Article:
In 1983 Cindy was diagnosed with ME and in 1985 was forced to give up her successful fashion career. Inspired by this period of personal entombment and not one to be defeated, it was at this time that she turned to the study of alternative healing and transpersonal psychology. She took up painting once more and began to record her life and experiences in a diary, using both stories and pictures, just a she had done during childhood. Here the alchemy of writing one’s own story acted as a form of self-therapy and led to an improvement in her health. With meditation becoming second nature, Cindy also found personal enlightenment through primal hermetic philosophy during this period. Consequently, such a proactive and engaging attitude towards this apparently tragic turn of events in her life resulted in a fertile new career trajectory.
Cindy went on to graduate from the College of Healing in 1990, which led to her running workshops and practicing healing and counselling at Bath Natural Health Clinic as well as working with Dr. Mike Weir at the Cancer Self-Help Centre in Bristol. Her tireless energy returned, in 1993 she built a healing grotto in the vaults of the Royal Crescent to work with more challenging and disadvantaged patients and children. Her work and experience in the fields of healing and alchemy eventually lead to her to write two books The Sleeping Giant and The Waking Giant.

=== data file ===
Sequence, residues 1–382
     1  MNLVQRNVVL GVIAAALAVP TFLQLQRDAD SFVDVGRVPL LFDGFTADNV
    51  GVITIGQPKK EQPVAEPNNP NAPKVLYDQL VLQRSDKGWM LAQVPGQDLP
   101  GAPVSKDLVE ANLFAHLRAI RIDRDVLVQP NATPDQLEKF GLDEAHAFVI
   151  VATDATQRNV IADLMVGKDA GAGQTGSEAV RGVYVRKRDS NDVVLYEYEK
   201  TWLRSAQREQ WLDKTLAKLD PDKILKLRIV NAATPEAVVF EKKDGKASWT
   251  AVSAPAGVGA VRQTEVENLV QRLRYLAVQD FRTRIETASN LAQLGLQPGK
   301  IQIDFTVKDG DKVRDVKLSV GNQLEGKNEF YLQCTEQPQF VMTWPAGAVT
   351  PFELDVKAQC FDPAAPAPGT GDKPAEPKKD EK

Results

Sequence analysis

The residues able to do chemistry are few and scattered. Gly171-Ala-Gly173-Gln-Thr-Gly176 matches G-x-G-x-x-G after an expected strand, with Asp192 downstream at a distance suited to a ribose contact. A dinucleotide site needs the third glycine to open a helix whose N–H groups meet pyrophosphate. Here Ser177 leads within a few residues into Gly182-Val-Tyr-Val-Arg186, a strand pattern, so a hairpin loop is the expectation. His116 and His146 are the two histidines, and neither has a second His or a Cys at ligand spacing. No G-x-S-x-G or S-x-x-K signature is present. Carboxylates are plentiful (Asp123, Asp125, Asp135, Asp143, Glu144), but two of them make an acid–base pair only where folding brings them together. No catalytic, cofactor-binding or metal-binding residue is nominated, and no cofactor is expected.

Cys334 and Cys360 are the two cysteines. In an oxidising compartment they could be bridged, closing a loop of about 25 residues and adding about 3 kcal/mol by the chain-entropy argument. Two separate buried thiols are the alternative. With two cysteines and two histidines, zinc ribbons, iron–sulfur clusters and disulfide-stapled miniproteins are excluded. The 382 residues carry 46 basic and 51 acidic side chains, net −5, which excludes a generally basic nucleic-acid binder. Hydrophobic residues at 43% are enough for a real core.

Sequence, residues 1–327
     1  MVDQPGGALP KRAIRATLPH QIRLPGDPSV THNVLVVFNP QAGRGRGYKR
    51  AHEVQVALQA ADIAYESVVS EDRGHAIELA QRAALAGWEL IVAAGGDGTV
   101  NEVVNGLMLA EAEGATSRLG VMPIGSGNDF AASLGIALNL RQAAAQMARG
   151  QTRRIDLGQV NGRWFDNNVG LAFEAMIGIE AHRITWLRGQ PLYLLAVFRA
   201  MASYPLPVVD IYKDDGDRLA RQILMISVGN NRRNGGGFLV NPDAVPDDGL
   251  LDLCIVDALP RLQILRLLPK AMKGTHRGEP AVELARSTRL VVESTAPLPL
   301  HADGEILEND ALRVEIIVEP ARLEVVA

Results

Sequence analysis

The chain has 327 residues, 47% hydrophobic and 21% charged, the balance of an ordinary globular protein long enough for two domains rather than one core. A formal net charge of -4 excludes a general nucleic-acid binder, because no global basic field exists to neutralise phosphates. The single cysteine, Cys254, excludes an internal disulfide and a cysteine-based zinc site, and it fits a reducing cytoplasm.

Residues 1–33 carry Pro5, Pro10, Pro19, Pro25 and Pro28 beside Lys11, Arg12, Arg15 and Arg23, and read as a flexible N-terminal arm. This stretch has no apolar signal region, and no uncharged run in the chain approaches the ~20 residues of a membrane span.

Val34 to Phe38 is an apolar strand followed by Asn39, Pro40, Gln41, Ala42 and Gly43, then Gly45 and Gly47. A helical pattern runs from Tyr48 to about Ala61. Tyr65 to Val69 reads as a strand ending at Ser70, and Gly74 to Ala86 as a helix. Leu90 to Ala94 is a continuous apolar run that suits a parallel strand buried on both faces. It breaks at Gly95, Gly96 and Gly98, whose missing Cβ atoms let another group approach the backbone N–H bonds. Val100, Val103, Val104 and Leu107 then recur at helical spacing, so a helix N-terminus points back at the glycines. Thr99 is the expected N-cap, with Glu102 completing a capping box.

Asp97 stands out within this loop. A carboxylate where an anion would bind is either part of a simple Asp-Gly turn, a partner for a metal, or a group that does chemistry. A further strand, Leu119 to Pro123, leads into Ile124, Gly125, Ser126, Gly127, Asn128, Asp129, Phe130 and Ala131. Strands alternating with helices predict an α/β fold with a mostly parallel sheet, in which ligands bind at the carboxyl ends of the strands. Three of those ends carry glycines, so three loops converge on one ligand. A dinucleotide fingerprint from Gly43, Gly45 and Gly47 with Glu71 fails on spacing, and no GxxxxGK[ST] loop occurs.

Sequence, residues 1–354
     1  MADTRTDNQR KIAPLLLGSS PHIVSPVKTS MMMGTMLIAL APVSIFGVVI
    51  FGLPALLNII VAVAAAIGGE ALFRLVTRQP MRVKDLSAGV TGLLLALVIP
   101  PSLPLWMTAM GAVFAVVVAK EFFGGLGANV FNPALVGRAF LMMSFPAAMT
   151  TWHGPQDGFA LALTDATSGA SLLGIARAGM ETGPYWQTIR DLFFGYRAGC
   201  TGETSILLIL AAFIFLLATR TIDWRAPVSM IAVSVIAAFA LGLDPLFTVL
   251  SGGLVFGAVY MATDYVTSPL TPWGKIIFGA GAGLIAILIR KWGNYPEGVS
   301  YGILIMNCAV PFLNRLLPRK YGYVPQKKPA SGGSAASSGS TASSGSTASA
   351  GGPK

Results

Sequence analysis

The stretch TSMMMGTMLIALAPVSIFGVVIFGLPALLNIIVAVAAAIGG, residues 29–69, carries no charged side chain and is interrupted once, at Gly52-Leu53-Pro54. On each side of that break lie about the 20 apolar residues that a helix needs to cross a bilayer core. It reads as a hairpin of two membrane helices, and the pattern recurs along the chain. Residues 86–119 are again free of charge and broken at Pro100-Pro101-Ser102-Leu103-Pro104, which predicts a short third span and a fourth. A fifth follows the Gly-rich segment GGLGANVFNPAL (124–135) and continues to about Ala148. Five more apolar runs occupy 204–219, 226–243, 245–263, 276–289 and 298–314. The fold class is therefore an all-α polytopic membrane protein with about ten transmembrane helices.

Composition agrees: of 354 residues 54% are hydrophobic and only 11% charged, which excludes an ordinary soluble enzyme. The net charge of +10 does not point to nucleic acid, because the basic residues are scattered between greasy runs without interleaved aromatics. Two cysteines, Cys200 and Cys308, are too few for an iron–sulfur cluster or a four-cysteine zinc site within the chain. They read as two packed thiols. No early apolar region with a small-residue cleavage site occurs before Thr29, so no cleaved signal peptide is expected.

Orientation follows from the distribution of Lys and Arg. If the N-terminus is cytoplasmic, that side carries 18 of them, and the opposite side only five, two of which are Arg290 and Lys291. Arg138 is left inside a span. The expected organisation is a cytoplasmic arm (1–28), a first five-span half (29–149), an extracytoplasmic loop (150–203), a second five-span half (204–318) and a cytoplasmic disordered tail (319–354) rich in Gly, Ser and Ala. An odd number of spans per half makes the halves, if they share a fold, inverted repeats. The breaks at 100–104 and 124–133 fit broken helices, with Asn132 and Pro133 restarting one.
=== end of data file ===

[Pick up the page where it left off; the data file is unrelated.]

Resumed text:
Following a strong sense of intuition, Cindy decided to take her books to Prague in 2010. In a synchronous event emblematic of many significant occurrences in her life, it was here that Cindy met Vladislav Zodrobilec, world famous alchemist, dissident and publisher. Zodrobilec was so impressed by her work as well as having undertaken an authentic hermetic journey without a teacher that he immediately endorsed The Sleeping Giant and The Waking Giant with a view to publication. Other supporters of the work include the renowned mathematician and physicist Professor Christopher Clarke, who has written to her in support of her visionary work at the interface of science and religion, ‘I was enthralled by your weaving of the cosmos and this infinity that you so wonderfully describe.’